So there’s been lot of tweeting lately about the Penguin-Random House merger (and some sad commentary, mostly on Tumblr, about the fact that the new company would not in fact be called Random Penguin.) O brave new world that has only three or four companies in it…that’s where we are heading, according to most of the smarty-pants people who read a lot more about the state of the economy than me.
The new company will have a quarter of the publishing market—a quarter. And I’ve read recently that other major houses are considering consolidation, and that the expected outcome is just a handful of mega companies will control all our entertainment options.
Of course everyone on down the line is watching, concerned. Fewer buyers will of course impact the sellers. But in the case of YA, what about the kids for whom those books are written? I think of these things because I am a selfless and practically angelic individual. Actually, I’m a teacher, and it’s more like a habit. But in all seriousness, if there are only a handful of publishers (or, gulp, one publisher)…how will that affect the options the next generation of kids find when they walk into a bookstore? (okay, probably when they log on to a bookstore…) Will AppleGoogleiBooks make sure there’s a title out there for everyone? Will titles which might appeal to a niche market be taken on when there are so many demands for cross-marketing and product placement and brand synergy?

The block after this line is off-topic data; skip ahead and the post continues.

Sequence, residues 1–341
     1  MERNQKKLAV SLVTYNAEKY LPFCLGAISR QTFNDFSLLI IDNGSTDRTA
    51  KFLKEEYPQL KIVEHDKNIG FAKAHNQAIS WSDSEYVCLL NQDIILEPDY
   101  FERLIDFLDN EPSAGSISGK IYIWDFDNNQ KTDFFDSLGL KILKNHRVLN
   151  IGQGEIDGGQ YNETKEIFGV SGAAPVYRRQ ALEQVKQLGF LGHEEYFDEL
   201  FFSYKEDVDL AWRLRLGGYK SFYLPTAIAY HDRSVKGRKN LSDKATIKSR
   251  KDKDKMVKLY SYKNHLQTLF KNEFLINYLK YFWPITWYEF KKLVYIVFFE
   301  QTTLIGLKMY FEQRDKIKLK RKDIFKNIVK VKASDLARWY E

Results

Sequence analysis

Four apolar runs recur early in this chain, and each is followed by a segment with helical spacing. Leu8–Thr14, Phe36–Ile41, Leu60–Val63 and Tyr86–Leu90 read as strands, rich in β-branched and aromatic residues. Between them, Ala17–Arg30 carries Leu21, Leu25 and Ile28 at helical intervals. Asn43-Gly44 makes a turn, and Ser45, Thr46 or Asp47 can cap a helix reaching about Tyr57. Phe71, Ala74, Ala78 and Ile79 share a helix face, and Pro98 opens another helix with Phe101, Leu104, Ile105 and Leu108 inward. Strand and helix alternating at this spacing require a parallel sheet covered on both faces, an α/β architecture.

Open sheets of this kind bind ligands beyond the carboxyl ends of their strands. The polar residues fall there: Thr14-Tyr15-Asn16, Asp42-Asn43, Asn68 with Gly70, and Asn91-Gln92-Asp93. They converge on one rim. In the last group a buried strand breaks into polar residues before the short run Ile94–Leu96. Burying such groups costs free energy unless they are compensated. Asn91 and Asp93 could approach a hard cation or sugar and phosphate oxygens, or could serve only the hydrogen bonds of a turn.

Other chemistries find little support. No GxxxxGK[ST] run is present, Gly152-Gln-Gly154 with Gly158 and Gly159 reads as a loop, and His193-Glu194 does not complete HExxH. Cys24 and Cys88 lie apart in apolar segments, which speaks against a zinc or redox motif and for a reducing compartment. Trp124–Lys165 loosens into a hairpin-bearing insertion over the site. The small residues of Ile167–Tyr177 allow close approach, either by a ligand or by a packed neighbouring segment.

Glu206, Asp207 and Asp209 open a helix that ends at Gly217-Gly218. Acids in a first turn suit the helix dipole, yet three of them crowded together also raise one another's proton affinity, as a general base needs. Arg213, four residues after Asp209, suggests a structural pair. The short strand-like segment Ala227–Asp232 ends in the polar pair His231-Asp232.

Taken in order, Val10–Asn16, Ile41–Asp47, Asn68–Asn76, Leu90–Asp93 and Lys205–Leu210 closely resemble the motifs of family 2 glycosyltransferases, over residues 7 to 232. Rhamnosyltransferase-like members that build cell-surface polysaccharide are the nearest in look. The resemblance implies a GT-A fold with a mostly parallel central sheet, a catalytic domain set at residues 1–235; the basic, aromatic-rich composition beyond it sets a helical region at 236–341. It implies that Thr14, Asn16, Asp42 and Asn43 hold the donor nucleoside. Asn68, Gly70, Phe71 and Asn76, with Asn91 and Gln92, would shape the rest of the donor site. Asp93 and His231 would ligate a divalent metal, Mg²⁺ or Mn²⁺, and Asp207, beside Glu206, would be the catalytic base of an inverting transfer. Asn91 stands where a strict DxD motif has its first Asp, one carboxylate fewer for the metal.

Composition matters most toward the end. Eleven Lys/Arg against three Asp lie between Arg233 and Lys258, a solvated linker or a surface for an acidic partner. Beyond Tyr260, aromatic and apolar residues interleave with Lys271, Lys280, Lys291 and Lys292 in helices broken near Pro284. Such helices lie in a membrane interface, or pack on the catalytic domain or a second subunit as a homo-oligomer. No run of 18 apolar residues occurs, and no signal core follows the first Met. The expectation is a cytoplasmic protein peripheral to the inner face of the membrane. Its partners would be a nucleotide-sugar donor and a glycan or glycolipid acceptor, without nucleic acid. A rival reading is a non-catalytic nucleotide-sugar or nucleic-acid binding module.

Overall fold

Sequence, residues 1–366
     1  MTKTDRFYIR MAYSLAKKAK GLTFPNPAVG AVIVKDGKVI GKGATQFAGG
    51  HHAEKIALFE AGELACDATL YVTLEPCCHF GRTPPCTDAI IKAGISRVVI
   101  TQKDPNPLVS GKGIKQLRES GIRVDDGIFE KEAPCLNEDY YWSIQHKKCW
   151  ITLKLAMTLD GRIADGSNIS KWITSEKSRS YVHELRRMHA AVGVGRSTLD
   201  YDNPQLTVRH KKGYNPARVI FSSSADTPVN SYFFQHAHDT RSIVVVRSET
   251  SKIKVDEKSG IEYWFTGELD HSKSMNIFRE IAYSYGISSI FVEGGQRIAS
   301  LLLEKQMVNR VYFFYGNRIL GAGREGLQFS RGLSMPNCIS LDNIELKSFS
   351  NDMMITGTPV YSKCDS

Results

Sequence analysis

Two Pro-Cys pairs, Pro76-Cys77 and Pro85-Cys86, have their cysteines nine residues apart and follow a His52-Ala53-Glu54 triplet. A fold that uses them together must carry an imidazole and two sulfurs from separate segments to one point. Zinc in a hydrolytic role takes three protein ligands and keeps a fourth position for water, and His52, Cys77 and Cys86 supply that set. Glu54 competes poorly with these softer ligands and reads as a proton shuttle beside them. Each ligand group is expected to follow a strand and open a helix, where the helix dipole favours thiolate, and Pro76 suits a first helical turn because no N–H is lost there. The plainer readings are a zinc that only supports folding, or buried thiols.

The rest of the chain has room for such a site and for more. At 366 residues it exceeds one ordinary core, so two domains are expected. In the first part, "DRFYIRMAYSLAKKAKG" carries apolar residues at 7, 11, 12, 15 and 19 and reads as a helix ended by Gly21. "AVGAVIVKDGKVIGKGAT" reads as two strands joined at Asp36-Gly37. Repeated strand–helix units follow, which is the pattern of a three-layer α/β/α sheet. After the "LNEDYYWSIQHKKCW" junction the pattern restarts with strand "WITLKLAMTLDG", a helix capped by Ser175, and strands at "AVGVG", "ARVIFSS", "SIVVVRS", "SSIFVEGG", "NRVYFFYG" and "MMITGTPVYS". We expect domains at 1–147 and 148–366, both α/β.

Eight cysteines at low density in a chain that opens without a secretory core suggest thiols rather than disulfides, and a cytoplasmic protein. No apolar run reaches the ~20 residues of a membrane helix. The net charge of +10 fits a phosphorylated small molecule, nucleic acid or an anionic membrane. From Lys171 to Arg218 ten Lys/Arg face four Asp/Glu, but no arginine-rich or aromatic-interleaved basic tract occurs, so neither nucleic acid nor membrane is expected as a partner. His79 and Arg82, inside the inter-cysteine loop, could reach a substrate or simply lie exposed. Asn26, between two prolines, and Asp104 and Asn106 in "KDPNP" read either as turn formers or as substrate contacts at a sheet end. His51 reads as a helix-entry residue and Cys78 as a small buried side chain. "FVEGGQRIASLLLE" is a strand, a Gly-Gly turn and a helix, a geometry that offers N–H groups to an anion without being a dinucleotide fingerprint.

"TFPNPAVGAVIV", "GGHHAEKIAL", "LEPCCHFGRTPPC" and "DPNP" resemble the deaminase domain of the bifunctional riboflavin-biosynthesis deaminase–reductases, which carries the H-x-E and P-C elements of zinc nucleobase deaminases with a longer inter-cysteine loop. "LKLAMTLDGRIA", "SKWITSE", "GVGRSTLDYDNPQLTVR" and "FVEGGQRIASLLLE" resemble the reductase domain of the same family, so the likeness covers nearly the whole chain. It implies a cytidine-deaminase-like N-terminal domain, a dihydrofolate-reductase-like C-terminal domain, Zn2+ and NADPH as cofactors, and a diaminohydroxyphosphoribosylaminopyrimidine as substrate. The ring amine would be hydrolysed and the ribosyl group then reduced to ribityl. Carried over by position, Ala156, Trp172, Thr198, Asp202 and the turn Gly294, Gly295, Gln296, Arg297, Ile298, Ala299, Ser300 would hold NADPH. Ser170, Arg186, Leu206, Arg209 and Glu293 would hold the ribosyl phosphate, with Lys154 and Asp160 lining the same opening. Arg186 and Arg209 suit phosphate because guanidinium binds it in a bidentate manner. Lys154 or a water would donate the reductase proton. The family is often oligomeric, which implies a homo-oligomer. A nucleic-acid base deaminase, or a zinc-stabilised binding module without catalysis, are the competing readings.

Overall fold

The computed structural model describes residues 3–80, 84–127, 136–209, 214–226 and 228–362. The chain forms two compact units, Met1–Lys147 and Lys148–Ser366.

That’s an advertising term: clutter. I know from (trying to) teach my students to be savvy consumers when we study marketing and propaganda and the like. And for a world that’s heading toward five gigantic companies, this world’s awfully full of clutter. I had a very confusing moment last night while trying to watch the latest episode of Revenge. A completely weird and seemingly unrelated scene took place, and I was confused for a full ten minutes, until I realized that scene had been an adverstisement, acted by the series stars, shot on the same film, in the same style as the series. Better yet: it was an ad for a partnership among Neiman Marcus, Target, and, of course, Revenge. For all I know Disney owns all three of these companies, not just the TV network.
So these ads kept coming up all through the freaking show, and it confused my DVRing, at the end of a tired day, because the faces were the same as the actors on the show. Which was, of course, all part of NeiTarvenge’s diabolical plan. It did not, however, make me want to go to Neiman Marcus (and it even made me sort of mad at my beloved Target)—so I’m pretty sure their plan backfired at my house, at least.
The ironic part about marketing is that the more they put out there, the more they add to the clutter, the greater the lengths they have to go to get our attention. Until the day in 2032 when probably Mark Zuckerberg makes one last merger and then we can all just sit back and enjoy the synergy.
|What does that even mean?|